address 192.168.136.100
             }
         }
     }
     source {
         rule 10 {
             outbound-interface eth0
             source {
                 address 192.168.136.100
             }
             translation {
                 address 203.0.113.115
             }
         }
     }
 }

One to many NAT

If the network or range specified in translation address is larger than the network in source/destination address, connections from the same host will be translated to more than one address. In source NAT, this is only useful for a bizzare kind of conspicious consumptions like buying a /24 subnet for yourself and using it all for just your desktop.

In destination NAT, however, it can be used as a simple form of L3, non-application aware load balancing.

Suppose you got 10 web servers all in the range of 192.168.136.100 to 192.168.136.110. You want traffic sent to 203.0.113.115 balanced across them. Here's an example:

nat {
     destination {
         rule 10 {
             destination {
                 address 203.0.113.115
                 port 80,443
             }
             inbound-interface eth0
             protocol tcp
             translation {
                 address 192.168.136.100-192.168.136.110
             }
         }
     }
     source {
         rule 10 {
             outbound-interface eth0
             source {
                 address 192.168.136.100-192.168.136.110
             }
             translation {
                 address 203.0.113.115
             }
         }
     }
 }

Many to many NAT

What happens if the source/destination and translation networks are the same size though? In that case, only the network part is translated, while the host part should stay untouched.

This is useful for getting around subnet conflicts.

nat {
     destination {
         rule 10 {
             destination {
                address 192.168.136.0/24
             }
             inbound-interface eth0
             translation {
                 address 10.20.30.0/24
             }
         }
     }
     source {
         rule 10 {
             outbound-interface eth0
             source {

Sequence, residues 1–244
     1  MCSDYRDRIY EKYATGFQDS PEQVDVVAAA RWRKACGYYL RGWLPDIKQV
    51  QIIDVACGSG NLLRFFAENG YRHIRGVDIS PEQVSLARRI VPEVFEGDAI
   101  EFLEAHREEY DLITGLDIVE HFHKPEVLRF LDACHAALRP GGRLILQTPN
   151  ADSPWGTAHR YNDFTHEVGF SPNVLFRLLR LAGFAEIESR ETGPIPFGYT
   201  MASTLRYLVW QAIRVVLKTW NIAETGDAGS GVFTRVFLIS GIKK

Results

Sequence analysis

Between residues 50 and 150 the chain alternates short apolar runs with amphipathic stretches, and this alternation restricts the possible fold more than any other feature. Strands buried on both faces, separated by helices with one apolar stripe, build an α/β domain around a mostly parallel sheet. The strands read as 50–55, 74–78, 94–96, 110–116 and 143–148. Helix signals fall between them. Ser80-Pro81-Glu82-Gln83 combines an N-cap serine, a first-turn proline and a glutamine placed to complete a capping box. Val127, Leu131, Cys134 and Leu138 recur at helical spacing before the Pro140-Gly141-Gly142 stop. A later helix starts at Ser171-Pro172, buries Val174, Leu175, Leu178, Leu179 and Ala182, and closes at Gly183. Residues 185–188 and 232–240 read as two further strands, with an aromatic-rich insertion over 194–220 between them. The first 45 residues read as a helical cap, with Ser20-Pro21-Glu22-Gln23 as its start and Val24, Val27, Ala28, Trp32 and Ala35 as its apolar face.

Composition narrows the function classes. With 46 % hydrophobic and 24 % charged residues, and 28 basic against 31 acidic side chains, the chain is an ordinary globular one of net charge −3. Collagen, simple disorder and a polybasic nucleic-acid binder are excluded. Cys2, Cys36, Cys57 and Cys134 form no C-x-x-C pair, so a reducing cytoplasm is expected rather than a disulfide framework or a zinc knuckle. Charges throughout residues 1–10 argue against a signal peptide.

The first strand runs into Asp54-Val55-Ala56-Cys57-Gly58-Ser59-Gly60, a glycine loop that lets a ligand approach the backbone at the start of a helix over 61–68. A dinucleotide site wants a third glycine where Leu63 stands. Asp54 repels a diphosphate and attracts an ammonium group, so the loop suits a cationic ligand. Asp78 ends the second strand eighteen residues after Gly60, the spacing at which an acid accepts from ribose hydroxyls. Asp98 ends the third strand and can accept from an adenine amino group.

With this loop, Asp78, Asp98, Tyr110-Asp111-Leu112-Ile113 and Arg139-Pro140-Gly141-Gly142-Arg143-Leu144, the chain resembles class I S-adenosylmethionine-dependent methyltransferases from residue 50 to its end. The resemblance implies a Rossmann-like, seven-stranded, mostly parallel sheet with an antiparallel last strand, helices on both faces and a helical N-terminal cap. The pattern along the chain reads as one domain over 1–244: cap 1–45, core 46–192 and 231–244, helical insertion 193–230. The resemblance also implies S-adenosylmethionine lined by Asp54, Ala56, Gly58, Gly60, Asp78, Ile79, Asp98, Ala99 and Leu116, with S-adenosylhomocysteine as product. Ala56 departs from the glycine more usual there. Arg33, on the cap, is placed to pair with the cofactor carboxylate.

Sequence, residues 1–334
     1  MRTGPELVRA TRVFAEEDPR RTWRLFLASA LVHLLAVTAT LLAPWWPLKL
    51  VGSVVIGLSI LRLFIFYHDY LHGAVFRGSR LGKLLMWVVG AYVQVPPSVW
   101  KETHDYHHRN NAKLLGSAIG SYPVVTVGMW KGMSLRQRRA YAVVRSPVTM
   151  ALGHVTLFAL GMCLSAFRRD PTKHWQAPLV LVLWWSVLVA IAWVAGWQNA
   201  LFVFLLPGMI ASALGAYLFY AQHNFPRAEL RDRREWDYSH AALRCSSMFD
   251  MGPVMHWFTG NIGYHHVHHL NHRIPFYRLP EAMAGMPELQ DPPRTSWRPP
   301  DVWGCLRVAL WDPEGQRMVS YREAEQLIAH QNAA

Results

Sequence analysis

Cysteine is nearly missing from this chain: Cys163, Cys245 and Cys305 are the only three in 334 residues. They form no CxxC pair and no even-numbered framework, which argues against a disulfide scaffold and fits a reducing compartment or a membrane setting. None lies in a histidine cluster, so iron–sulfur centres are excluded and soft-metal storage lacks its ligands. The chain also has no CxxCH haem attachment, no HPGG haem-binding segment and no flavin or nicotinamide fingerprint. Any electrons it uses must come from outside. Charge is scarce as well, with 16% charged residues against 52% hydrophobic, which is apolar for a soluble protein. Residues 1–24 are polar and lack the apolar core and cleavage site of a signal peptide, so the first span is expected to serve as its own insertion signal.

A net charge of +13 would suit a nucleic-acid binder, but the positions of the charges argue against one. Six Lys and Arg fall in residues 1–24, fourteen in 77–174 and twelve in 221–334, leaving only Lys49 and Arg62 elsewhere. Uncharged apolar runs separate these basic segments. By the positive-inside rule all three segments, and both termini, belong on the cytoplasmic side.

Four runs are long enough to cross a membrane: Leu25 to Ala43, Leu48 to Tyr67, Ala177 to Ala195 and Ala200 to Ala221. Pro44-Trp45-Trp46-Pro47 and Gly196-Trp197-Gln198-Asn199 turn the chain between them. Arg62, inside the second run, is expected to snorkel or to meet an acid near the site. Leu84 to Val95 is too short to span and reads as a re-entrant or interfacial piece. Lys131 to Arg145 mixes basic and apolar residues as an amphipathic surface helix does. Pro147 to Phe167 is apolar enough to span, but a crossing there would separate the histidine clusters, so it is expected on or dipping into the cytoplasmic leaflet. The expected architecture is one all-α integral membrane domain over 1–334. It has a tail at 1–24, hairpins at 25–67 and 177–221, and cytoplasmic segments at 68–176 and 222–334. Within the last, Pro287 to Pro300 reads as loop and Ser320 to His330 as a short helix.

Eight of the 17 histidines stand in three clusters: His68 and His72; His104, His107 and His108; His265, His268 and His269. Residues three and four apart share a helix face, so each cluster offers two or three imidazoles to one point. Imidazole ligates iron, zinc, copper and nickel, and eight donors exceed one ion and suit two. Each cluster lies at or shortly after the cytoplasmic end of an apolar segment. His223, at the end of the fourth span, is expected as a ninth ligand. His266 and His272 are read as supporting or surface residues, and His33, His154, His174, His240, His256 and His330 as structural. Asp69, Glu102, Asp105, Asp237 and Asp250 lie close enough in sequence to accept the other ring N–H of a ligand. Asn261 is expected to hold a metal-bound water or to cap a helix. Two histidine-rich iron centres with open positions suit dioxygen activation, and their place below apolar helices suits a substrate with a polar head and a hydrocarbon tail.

address 10.20.30.0/24
             }
             translation {
                 address 192.168.136.0/24
             }
         }
     }
 }

If you know more variations, please let me know.

Configuration versioning and archiving in VyOS

Last time I promised "node copying/renaming, node comments, and other little known features of the VyOS CLI", but the post actually only mentioned copying/renaming and comments, but not other features. It's time to fix that: today we'll discuss configuration versioning and archiving.

One of the great things about the config model with editing and commits being distinct stages is that it's feasible to execute some actions when the config is changed. In fact, you can execute arbitrary actions via pre/post-commit hooks, but there are built-in actions as well, namely configuration versioning and archiving to a remote location. This model, first introduced by JunOS, makes configuration is a lot more manageable than older Cisco style models.

This approach renders tools like Rancid or Oxydized redundant since the system can make a snapshot of the running config when the change is made rather than periodically. Moreover, right on the router you can see who made this or that commit and view diffs between revisions.

An additional advantage of versioning is that even if you forget to save the config (or purposely powercycle a system with an unsaved config because you forgot to use commit-confirm), you can always view recover the lost changes from the history.